and those who swallowed you up will be far away.
20  The children of your bereavement
will yet say in your ears:
‘The place is too narrow for me;
make room for me to dwell in.’
21  Then you will say in your heart:
‘Who has borne me these?
I was bereaved and barren,
exiled and put away,
but who has brought up these?
Behold, I was left alone;
from where have these come?’”

22  Thus says the Lord GOD:
“Behold, I will lift up my hand to the nations,
and raise my signal to the peoples;
and they shall bring your sons in their arms,
and your daughters shall be carried on their shoulders.
23  Kings shall be your foster fathers,
and their queens your nursing mothers.
With their faces to the ground they shall bow down to you,
and lick the dust of your feet.
Then you will know that I am the LORD;
those who wait for me shall not be put to shame.”24  Can the prey be taken from the mighty,
or the captives of a tyrant be rescued?
25  For thus says the LORD:
“Even the captives of the mighty shall be taken,
and the prey of the tyrant be rescued,
for I will contend with those who contend with you,
and I will save your children.
26  I will make your oppressors eat their own flesh,
and they shall be drunk with their own blood as with wine.
Then all flesh shall know
that I am the LORD your Saviour,
and your Redeemer, the Mighty One of Jacob.”

Acknowledgements

  • Translation of Scriptures: English Standard Version (c) 2001-9, Crossway, a publishing ministry of Good News Publishers.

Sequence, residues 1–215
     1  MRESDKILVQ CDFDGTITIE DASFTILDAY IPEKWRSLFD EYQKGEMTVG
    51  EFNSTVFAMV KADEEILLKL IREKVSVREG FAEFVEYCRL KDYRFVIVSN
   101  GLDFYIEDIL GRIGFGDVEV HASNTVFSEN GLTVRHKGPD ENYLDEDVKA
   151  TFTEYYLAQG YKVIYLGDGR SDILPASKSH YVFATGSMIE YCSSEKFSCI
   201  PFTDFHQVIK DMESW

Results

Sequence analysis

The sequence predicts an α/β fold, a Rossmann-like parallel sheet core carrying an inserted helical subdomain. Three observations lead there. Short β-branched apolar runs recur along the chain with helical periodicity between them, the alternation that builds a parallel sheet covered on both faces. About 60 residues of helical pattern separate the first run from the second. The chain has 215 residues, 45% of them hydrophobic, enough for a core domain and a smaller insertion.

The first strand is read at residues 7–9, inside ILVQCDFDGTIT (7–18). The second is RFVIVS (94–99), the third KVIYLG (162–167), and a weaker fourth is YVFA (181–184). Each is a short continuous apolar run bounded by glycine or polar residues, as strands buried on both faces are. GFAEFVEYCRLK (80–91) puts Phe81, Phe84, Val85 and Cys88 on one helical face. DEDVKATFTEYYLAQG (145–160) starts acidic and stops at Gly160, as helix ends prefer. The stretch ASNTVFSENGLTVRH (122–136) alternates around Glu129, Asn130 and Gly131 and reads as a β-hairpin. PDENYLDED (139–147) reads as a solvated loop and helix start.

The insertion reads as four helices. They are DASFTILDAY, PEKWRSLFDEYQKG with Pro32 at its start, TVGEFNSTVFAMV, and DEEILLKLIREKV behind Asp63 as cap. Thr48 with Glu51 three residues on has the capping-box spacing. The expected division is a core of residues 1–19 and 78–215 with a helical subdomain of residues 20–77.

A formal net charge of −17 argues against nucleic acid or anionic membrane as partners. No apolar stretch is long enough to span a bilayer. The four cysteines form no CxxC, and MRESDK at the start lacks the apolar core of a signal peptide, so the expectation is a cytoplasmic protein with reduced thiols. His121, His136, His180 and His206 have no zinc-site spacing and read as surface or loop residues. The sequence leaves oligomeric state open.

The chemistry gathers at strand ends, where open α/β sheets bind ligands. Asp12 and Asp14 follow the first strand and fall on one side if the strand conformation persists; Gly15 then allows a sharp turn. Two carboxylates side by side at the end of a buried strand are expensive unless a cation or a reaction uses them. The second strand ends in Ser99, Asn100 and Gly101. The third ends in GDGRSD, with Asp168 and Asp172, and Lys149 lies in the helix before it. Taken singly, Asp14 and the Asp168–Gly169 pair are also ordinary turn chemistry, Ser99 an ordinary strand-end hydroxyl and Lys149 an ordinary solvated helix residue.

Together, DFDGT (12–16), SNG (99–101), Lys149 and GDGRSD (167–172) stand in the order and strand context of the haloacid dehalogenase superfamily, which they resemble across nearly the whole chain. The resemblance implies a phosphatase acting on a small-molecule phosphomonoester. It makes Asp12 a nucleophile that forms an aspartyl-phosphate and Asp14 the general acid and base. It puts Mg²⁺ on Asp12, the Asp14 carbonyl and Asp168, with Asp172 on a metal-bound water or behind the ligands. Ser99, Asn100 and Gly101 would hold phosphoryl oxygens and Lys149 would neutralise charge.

• Commentary: (c) 2020, Allen Morris
  • Photo (c) 2017, Allen Morris. Plaque, Bethlehem.

Preparing for the Mass of the 2nd Sunday in Ordinary Time

The editing of this Sunday’s psalm for its placing in the Lectionary mutes the complexity of the text.

The voice we hear at Mass sings of trust in the Lord and availability for his purpose. We are encouraged to hear the voice of Christ in the psalm.

However read on, our psalmist is aware of his iniquities and failings: this is not Christ!

But the love and compassion of God is not only for the righteous. It is for others too who have need of the Lord – and saved by him, even in our frailty we can be his effective servants, bearing witness to the Good News.

Psalm 39(40):2,4,7-10

(NB the text set for Sunday is given below in bold and in ‘quote sections’ below; the rest is the immediate biblical text from which the Lectionary text is extracted)

Psalm 40 (39)
 
1           For the Choirmaster. Of David. A Psalm.

2           I waited, I waited for the Lord,
            and he stooped down to me;
            he heard my cry.

 3           He drew me from the deadly pit,
            from the miry clay.
            He set my feet upon a rock,
            made my footsteps firm.
 
4           He put a new song into my mouth,
            praise of our God.
            Many shall see and fear
            and shall trust in the Lord.

5           Blessed the man who has placed
            his trust in the Lord,
            and has not gone over to the proud
            who follow false gods.
 
6           How many, O Lord my God,
            are the wonders and designs
            that you have worked for us;
            you have no equal.
            Should I wish to proclaim or speak of them,
            they would be more than I can tell!

7           You delight not in sacrifice and offerings,
            but in an open ear.
            You do not ask for holocaust and victim.
 
8
          Then I said, “See, I have come.”
            In the scroll of the book it stands written of me:
9           “I delight to do your will, O my God;
            your instruction lies deep within me.”
 
10          Your justice I have proclaimed
            in the great assembly.
            My lips I have not sealed;
            you know it, O Lord.

 
11          Your saving help I have not hidden in my heart;
            of your faithfulness and salvation I have spoken.